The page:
A Final Farewell to World Cup 2010

14 Jul

The planet has shifted back to reality. Parties and celebrations have come to a close. With England reporting an estimated loss of $1.5-2.3 billion in productivity during the tournament, we can now all return to work and actually do work. I on the other hand, am the anomaly. Having DVR’ed every single game of this tournament, my daily goal was to avoid every game and every score (zero internet). Productivity from my end sky rocketed! My imbalance has now leveled out. After what we witnessed this past month, it would behoove international football to find its balance as well.

South Africa 2010 was a monumental tournament, because it initiated a mammoth shift in the way football is, and will be played on the international level for years to come. Sure, we bitched and moaned about the lack of goals early on. The defensive tactics, non-existent creativity, and cagey gameplans. But now that this tournament is over, and the fewest goals have been scored in years, it’s pretty safe to say that this was no fluke. There are a number of causes – each with it’s own ramifications on how we will see the game played out before our eyes 4 years from now in Brazil.

“End of the old guard” – a rather fitting summary of this World Cup. England, Italy, France, and Brazil will be unrecognizable to a majority of the planet in 2014. They came to this tournament dragging the decaying bodies of players past their prime. Players who had shown their effectiveness with their respective clubs, surrounded by the world’s best, only to arrive in South Africa with a sense of entitlement to stink the whole place up. Brazil, England, and Italy had 3 of the top 4 oldest squads. It’s not surprising that with age, experience, and success comes this entitlement that I refer to. A cocky and egotistical player that puts himself above team and country. What worked then surely still works now, no? Just look at what happened to France and England, and even Portugal to an extent.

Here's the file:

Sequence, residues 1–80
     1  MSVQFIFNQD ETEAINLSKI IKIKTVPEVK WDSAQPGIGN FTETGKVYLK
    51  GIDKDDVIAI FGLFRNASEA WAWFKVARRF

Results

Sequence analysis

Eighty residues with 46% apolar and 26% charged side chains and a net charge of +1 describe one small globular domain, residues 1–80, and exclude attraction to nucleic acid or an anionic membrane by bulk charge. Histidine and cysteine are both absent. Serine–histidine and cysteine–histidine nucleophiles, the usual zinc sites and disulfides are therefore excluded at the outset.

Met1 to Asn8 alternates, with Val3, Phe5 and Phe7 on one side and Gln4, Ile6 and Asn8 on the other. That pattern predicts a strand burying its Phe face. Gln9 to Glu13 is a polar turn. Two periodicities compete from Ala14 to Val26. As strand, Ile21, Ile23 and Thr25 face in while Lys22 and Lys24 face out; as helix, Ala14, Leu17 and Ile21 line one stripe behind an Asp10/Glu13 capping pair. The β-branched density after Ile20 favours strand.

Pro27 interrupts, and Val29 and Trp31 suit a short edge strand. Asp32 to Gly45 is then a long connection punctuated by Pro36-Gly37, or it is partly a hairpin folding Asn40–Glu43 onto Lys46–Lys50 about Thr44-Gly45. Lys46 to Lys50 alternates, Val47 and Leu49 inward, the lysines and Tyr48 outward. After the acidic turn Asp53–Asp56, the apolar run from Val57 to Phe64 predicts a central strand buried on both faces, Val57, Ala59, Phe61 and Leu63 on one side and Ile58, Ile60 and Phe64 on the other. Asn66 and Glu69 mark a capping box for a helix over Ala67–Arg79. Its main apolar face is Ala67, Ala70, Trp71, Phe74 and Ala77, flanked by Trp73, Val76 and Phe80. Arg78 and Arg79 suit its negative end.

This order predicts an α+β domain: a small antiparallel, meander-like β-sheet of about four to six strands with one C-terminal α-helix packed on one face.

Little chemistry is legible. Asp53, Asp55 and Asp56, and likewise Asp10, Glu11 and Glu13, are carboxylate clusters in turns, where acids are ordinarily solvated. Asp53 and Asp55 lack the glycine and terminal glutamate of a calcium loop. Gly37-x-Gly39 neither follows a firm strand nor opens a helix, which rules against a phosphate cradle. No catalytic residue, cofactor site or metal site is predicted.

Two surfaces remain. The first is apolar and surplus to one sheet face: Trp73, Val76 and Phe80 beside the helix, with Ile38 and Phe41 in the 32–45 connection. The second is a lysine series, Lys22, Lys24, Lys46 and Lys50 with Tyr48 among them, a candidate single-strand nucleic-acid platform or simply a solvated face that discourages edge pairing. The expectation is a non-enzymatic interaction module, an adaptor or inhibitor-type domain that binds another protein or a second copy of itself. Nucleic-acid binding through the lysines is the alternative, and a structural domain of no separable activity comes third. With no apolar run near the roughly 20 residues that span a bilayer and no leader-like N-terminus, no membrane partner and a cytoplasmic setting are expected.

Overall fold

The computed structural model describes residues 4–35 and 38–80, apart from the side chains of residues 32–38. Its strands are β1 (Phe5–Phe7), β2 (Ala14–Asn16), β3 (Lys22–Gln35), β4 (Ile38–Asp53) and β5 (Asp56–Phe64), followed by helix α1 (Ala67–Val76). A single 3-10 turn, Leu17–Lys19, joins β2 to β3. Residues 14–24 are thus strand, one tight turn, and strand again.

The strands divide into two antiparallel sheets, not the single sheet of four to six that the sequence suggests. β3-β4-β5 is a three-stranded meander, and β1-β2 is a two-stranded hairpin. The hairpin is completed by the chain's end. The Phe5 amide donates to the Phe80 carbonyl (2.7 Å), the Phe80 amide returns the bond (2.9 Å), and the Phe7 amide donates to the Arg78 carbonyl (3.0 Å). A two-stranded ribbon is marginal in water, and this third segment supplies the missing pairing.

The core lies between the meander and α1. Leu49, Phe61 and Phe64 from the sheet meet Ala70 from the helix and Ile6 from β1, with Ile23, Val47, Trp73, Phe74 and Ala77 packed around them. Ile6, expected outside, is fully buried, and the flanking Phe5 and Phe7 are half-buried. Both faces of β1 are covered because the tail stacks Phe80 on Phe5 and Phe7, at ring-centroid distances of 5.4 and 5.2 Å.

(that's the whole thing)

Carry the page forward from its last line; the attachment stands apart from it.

The world’s most famous and successful countries must go back to the drawing board. Elder statesmen must be discarded. Youth – fresh, ambitious, untested, sprightly young men – are the future. I don’t think a turnover like this has ever happened on such a massive scale. You would think the best teams would balance experience with inexperience, but they haven’t. Now there’s no choice. If this tournament showed us anything, it’s that the younger and more creative players are the key to success. Players who are too young to have been over-hyped with expectations by their countrymen, and can go out and play stress free. That weight off your shoulders is the difference between reaching progressing to the semifinals or being dropped in the round of 16 (or even the group stages).

You could say this World Cup was revolutionary. More significant than countries offing the old farts, is how the actual game of football will be played from now on. In this respect club football is a miles and miles ahead of the international game. Barcelona, Bayern Munich, and Arsenal started this transformation years ago – a game of possession that requires patience and quick passing. Where the best defense is offense. International football has just now caught up. The introduction of the 4-2-3-1 formation, which practically every team from the quarterfinals onwards used, epitomizes this style of play. Two midfielders in the hole just in front of the 4 defensemen provide the supply lines to the attacking midfielders and striker. No more of that long ball garbage. Keep it neat and tidy, passing the ball on the ground, from one end of the field to the other.